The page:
Friday, June 3, 2011

more beirut, lebanon:

Lebanon is a small country both geographically and in population (approximately 4 million people).You can see a lot in a short amount of time. We had grand plans, however I caught a really bad cold, so it did limit us a little bit unfortunately as I tried balancing resting, but making the most of our time there.

Lebanon is also a fairly young country, becoming an independent nation in 1943 when it came out from  French rule. The interesting thing to add at this point, is that the population was split 50/50 in the ratio of Christians and Muslims. The reason I mention this is when Lebanon became independent, wrote its constitution and formed its own government, it was set up so that the seats in Parliament would be represented proporationally to this ratio. So 50/50 of Christian and Muslim politicians. The president is to be a Maronite Christian (the slight majority at the time) and the Prime Minister a Sunni Muslim. This still stands today, however a census has not been conducted since the 1930s, so it is thought that the ratios have changed somewhat. After independence, Lebanon became an extremely prosperous nation, with Beirut becoming a major financial and tourism hub in the Middle East. Beirut was a glamourous city often described as the 'Paris of the East'.
However, sadly this was not to last as civil war broke out in 1975, lasting fifteen years when it finished in 1990. There is no exact reason for it starting from what I can gather. But there were many militant groups involved, plus nations such as Israel and Syria. It was also largely sectarian violence with Christians and Muslims fighting against each other. Most of the fighting took place in Beirut with the city being divided in half with east against west (the Christians tended to live in the east and the Muslims in the west). Downtown Beirut was the divider, also known as the Green line. This was also the front line and where the majority of fighting took place.
The war was disasterous in the loss of life and the scars can still be seen all over the city today, with significant damage to buildings, some left completely abandoned by those who fled the country.
Unfortunately, this was not the last period of violence, as war with Israel and Hezbollah erupted in 2006. Although this lasted only a month, there was significant damage to Lebanon’s infrastructure, including Beirut. There have also been many political assassinations and instability since, most recently with the government collapsing in January this year.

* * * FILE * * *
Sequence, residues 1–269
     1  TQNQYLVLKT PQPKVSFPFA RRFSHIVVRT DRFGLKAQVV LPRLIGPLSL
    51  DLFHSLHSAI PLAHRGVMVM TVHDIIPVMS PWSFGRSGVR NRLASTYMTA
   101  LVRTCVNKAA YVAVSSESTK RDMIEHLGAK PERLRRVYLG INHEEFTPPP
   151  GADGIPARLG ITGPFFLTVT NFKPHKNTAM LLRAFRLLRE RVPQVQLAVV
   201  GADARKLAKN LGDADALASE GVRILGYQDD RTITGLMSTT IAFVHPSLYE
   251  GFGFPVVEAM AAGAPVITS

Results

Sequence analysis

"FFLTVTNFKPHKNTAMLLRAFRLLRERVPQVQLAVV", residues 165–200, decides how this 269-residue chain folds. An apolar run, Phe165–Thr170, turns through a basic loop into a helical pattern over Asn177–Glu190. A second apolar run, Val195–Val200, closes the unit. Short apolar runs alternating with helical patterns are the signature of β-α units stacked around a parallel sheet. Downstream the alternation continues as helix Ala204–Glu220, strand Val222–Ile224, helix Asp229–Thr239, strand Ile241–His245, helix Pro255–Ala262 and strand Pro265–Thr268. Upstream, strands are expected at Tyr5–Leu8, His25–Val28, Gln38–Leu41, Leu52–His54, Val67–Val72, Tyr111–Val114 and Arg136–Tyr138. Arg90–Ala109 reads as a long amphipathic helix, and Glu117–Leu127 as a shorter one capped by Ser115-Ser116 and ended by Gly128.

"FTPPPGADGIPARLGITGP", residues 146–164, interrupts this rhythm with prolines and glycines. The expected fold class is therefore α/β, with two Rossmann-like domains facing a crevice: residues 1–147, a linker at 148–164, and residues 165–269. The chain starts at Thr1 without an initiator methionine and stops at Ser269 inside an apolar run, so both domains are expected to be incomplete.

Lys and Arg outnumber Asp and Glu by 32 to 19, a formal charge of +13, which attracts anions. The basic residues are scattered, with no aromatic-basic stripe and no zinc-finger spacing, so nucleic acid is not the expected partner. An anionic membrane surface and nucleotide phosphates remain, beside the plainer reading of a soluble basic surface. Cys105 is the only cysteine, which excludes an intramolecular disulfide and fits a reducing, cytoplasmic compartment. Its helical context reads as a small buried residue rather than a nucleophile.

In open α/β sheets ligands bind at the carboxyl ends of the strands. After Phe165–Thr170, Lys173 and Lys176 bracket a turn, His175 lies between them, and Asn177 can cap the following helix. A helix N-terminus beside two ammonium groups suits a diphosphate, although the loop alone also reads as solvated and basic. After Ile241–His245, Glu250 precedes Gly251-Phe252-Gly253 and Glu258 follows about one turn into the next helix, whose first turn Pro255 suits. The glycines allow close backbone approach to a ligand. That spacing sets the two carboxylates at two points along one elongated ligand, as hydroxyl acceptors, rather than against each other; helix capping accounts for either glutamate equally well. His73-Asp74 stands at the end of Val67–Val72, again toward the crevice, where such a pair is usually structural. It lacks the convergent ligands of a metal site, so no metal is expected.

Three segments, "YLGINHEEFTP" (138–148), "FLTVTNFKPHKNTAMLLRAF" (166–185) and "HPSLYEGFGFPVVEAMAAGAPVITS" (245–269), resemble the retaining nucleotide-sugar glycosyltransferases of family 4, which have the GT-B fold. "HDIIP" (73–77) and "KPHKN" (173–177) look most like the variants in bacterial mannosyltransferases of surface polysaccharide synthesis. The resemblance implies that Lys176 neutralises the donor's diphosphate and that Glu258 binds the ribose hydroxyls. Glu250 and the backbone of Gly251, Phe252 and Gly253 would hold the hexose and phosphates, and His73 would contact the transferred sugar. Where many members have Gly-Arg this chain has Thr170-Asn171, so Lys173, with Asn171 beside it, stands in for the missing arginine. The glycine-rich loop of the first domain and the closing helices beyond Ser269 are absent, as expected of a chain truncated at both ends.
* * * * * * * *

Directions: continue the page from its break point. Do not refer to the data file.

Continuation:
I’m not making Lebanon sound very enticing with all of this so I’ll leave it at that, I don't want this to be a negative sounding post, but I just wanted to give a bit of  background so you can get a bit of a context. Also for me, I don't really remember the civil war, as it was a bit before my time. I grew up knowing Lebanon had issues, but not why or how. So I think for many this could be the same and might shed some light on the history that you may not be fully aware of.
Despite all of this however, we fell in love with the country (I know I keep saying this!), but it really left an impression with us and we are still talking about it.  I will add also, a lot of people think Lebanon is unsafe, but as long as you stick to the right areas and watch the news you will be fine. We felt safe 100% of the time and were so looked after. The warmth and generosity we were shown blew us away. In fact it is probably one of the more safe Middle Eastern countries to visit at this point in time.
Below are some more photos of Beirut. I really fell in love with the streets.

I hope what I shared above gives a bit more insight not only to the images, but also to Lebanon. We will do a wrap up and share some highlights plus some tips in the next few days.

the infamous Holiday Inn hotel - opened a few weeks before the war started and has been left aband

Martyrs Square in Downtown Beirut - damaged from the war

a romantic dinner at an amazing Armenian restaurant we were recommended to check out

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